Archaeologists discover a 3,700 year old wine cellar3 April 2018
A wine cellar containing jars dating from 1,700 before Christ was discovered by American and Israeli archaeologists in northern Israel.
The team of American and Israeli archaeologists discovered the wine cellar of Tel Kabri Palace, an archaeological site in northern Israel, at the end of November 2013, according to information from CBS News. This exceptional wine cellar is perhaps the oldest of this type ever unearthed. The storage room was connected to the Tel Kabri Palace and contains 3,700 year old jars. In total, the cellar could contain the equivalent of about 3,000 bottles. The wine has of course disappeared but some compounds that have penetrated the bottom of the jars could be analyzed. The researchers thus discovered traces of oils and resins that were infused into the wines.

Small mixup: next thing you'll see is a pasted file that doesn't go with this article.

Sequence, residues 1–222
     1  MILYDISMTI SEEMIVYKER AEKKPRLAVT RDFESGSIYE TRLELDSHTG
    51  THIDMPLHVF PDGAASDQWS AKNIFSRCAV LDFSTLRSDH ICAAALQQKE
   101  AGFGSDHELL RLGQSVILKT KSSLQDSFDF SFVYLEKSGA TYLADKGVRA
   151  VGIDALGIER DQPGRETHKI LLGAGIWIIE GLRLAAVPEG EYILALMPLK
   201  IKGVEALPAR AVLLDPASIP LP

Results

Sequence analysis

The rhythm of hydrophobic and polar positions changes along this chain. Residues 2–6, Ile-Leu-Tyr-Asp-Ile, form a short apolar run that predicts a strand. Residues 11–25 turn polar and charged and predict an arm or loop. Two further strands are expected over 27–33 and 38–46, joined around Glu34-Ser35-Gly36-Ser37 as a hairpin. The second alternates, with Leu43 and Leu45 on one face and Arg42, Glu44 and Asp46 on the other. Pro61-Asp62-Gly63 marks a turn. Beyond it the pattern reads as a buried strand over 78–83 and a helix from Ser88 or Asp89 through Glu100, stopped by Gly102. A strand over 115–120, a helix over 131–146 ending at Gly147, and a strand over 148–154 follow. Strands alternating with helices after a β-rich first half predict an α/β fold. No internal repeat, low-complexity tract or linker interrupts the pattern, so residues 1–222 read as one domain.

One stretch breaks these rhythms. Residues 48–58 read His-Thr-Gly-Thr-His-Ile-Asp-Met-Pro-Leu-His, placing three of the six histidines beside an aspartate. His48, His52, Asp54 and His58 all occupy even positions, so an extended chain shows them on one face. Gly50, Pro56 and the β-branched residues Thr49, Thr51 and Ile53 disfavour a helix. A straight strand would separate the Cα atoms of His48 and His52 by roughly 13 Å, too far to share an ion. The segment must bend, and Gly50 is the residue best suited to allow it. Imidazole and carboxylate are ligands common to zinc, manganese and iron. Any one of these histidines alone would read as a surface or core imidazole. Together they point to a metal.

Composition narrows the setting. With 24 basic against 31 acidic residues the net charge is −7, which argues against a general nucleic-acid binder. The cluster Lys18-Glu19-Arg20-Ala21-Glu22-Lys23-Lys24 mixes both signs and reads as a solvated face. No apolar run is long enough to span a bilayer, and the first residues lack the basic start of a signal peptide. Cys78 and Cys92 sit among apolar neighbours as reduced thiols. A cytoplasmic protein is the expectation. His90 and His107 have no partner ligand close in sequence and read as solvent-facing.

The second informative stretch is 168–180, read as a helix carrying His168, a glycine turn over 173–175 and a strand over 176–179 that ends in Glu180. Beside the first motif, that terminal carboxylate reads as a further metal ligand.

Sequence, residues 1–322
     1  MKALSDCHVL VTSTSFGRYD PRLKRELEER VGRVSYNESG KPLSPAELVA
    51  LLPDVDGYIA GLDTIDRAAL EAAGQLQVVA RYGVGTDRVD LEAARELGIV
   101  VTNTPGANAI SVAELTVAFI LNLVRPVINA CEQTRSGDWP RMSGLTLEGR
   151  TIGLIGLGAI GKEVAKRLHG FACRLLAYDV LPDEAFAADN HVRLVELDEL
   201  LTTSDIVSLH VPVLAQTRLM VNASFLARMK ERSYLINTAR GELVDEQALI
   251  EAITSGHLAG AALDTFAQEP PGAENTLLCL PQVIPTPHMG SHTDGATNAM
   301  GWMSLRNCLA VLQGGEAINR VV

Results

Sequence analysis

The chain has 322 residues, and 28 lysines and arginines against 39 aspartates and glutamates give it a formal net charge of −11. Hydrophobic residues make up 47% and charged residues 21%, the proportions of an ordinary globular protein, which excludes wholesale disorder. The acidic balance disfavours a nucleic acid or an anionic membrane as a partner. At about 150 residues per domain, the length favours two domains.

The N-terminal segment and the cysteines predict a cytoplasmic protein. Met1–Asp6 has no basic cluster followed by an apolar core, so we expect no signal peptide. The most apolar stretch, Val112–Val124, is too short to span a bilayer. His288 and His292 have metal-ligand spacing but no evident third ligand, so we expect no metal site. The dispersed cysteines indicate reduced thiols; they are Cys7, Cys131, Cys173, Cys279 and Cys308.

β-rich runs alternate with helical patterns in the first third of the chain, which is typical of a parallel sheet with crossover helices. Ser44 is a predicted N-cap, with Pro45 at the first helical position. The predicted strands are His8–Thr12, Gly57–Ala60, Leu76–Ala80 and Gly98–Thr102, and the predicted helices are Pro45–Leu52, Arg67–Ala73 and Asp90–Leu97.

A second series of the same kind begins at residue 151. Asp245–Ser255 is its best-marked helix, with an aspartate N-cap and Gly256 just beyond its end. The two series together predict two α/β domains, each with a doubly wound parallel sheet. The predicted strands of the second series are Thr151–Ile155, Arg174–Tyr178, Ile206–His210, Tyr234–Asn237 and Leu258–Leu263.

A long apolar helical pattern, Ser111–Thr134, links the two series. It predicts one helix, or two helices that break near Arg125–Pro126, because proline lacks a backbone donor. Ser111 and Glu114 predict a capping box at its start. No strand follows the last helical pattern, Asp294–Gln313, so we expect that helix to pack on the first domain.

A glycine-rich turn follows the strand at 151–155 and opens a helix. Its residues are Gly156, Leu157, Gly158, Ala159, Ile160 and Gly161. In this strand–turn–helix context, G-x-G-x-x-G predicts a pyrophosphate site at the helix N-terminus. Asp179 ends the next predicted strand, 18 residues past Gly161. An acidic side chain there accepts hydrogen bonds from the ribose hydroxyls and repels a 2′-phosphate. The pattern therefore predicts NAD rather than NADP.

Thanks to the chemical analyzes, the wine might contained cinnamon, honey, juniper berries and mint. The recipe is the same in each amphora, and looks like the traces of wine found in another palace of the Bronze Age, Iraq. Eric Cline, an archaeologist from George Washington University, has been excavating the ruins of Tel Kabri with his Israeli colleagues for 8 years. He explains that this large quantity was likely “not enough to distribute to the population. We think it was the palace reserve. “Luxury drinks, probably for big banquets and important commercial negotiations.
According to Assaf Yasur-Landau of Haifa University, quoted by BBS News, it is “the first time that such a wine is discovered in high quantity in the cellar of a palace”. However, it is far from being the oldest trace of wine and viticulture. “But this discovery is important because it helps us to have a more accurate picture of the viticultural practices of the Canaanites, who have considerably developed viticulture, perhaps from 5,000 B.C.”, says the American archaeologist Patrick McGovern. Eric Cline and his colleagues hope to recreate the infusion made 3,700 years ago.
Sources : texte issued from larvf.com – picture from metatv.net